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Sun Pharma slumps, heads towards biggest fall ever

Shares in Sun Pharmaceutical Industries slumped 16 percent, heading towards their biggest daily fall ever, after the drugmaker on Monday said it sees 2016 sales flat at best.

Sun Pharmaceutical Industries shares slumped 16 percent on Tuesday, heading towards their biggest ever fall in a day, after the drugmaker`s warning that 2016 sales would be flat at best due to costs related to remediation work at its plants.

Analysts estimate a roughly 8-10 percent hit to profit for the year as Sun Pharma struggles to fix manufacturing problems at one of its own key plants and those of Ranbaxy Laboratories , the troubled rival it bought last year.

"FY2016 is likely to be a washout for revenue growth as well as profitability," Kotak analyst Chirag Talati said in a note to clients, reiterating his "sell" rating on the stock.

Sun Pharma said late Monday it was trying to expedite the resolution of at least of Ranbaxy`s plants, which are barred from exporting to its largest market, the United States, over manufacturing quality issues.

This would most likely be the Mohali site in northern India, analyst Talati said.

Supply constraints due to issues at Sun Pharma`s own Halol plant in Gujarat, which also has a U.S. ban, are expected to continue "for some time," the world`s fifth-largest generic drugmaker said.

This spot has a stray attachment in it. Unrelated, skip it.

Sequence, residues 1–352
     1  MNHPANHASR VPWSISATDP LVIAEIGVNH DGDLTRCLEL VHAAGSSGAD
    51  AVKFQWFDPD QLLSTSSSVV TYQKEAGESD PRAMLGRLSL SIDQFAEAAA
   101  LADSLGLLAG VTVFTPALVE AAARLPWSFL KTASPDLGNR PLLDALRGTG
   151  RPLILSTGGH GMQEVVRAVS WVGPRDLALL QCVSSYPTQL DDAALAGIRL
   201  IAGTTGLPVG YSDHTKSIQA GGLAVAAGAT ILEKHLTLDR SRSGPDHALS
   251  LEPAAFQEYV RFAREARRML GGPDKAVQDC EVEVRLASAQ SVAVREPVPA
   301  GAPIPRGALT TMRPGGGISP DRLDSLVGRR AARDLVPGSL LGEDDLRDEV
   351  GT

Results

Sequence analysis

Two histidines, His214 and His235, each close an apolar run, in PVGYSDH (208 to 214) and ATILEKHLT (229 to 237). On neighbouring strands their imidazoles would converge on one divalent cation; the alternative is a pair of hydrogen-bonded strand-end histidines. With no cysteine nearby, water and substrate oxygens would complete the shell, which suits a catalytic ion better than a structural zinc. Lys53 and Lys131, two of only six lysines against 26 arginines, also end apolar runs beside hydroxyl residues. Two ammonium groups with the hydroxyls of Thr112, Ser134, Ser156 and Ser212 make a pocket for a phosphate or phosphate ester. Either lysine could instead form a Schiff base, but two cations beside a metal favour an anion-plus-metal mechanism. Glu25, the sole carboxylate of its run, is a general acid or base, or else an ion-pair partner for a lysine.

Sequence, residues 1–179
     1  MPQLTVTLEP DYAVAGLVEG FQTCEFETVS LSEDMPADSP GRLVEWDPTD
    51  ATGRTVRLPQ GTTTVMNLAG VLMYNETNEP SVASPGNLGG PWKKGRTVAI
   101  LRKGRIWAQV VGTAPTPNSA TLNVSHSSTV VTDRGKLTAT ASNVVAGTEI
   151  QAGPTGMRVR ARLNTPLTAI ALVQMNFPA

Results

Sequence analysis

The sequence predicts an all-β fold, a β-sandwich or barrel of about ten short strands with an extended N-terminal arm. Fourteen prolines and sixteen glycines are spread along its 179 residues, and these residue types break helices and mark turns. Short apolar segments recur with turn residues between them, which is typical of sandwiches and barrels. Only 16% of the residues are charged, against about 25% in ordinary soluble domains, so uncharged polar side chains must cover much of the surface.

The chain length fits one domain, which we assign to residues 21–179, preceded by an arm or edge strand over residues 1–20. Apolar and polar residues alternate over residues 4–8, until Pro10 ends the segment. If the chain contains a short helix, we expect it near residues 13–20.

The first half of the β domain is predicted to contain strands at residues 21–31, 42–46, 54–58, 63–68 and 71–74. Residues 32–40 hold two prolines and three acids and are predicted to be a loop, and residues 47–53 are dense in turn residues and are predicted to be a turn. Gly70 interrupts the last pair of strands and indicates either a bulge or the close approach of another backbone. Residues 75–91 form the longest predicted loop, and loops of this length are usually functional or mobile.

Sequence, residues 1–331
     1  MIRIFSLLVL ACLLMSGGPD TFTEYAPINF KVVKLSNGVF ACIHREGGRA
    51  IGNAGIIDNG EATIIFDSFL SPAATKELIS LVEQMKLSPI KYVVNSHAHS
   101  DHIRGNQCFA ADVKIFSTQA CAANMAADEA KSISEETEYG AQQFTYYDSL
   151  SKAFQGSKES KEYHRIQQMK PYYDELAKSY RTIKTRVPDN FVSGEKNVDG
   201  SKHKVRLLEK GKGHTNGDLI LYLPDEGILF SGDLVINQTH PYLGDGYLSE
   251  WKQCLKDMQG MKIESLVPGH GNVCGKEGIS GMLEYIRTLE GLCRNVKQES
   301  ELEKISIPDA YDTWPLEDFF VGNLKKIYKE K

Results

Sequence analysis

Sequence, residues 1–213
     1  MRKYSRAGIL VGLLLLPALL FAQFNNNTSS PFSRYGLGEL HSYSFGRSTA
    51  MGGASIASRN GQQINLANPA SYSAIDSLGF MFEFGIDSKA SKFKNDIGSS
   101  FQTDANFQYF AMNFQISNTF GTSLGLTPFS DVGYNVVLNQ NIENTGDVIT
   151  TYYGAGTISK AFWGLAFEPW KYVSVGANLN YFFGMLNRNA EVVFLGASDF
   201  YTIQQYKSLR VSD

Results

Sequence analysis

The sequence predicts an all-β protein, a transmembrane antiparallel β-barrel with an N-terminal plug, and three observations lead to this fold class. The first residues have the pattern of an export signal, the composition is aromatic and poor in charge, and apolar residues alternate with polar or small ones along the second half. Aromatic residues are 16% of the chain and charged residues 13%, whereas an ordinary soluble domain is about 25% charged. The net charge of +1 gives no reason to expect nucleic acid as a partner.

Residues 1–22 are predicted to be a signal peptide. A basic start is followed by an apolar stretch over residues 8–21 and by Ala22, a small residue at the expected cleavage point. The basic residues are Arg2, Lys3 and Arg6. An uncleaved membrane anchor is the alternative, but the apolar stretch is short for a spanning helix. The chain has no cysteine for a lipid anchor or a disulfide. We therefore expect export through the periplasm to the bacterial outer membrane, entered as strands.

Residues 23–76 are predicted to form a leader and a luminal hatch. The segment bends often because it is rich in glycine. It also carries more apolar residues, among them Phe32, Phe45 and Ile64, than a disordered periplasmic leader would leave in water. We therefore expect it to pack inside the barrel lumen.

Shares in the company fell as much as 16.1 percent in early trade on Tuesday, heading towards their biggest-ever intraday fall.

Analysts on average expect Sun Pharma to report profit after tax of 70.52 billion rupees ($1.11 billion) on revenue of 312.8 billion rupees for 2016, according to Thomson Reuters data. Of 38 analysts that cover the stock, 23 recommend buying it, 12 have a "hold" rating, while 3 recommend selling it.

The company usually trades at a premium to most peers at a multiple of 30.56 times its 12-month forward earnings, according data from Thomson Reuters Eikon. But that may not sustain in the long term, some analysts said on Tuesday.

Sun Pharma is also evaluating divesting some non-core businesses, and these could be the HIV/AIDS and malaria tenders it participates in in Africa, Kotak`s Talati said.

The efforts are all part of the company`s integration of Ranbaxy, and will help it "revert to a more sustainable growth trajectory" after fiscal 2016, it said.

"Although we expect near-term margin pressure (R&D costs to rise), this is positive for profitability longer term," Barclays analyst Balaji Prasad said in a note.